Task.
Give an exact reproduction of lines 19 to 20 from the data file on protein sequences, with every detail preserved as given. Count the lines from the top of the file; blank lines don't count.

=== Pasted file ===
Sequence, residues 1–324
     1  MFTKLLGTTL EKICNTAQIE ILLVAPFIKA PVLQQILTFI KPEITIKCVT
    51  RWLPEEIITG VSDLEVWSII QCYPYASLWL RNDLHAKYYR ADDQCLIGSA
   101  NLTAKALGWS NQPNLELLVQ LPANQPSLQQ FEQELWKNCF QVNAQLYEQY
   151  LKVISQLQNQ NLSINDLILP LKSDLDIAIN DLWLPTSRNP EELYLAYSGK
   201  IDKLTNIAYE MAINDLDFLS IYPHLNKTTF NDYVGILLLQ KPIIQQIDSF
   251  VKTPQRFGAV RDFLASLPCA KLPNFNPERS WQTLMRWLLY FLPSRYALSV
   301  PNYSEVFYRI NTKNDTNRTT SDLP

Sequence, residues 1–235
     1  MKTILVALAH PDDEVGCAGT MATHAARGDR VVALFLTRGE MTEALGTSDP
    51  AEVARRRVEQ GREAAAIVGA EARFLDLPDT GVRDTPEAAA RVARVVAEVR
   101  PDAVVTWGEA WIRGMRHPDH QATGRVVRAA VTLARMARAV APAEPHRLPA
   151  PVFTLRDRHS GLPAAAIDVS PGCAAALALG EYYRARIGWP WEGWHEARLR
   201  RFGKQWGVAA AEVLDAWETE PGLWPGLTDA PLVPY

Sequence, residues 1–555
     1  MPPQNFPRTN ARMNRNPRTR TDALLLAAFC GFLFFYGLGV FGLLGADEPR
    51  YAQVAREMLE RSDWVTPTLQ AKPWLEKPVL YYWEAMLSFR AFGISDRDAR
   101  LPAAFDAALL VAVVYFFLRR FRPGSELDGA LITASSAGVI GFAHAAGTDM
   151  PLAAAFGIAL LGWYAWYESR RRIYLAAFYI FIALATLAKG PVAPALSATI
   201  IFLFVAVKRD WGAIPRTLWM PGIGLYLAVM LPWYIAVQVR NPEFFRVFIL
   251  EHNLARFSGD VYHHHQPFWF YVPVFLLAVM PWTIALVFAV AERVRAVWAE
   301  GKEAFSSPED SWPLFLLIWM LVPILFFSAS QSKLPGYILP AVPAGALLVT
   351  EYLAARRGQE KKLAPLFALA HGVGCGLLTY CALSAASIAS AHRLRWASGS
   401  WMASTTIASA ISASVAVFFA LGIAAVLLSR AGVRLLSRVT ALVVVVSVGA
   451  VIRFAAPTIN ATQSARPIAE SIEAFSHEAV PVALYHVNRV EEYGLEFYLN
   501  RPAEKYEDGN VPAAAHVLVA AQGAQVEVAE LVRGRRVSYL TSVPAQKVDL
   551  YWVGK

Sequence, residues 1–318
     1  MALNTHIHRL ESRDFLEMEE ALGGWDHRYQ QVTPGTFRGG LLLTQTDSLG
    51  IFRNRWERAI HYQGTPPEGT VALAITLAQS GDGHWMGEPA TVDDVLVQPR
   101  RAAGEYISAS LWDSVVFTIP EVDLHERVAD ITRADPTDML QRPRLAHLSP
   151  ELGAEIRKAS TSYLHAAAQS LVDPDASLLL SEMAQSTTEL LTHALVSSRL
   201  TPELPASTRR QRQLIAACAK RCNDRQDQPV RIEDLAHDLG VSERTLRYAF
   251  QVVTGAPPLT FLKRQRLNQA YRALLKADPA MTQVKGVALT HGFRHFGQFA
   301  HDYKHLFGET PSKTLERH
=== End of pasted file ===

   151  PLAAAFGIAL LGWYAWYESR RRIYLAAFYI FIALATLAKG PVAPALSATI
   201  IFLFVAVKRD WGAIPRTLWM PGIGLYLAVM LPWYIAVQVR NPEFFRVFIL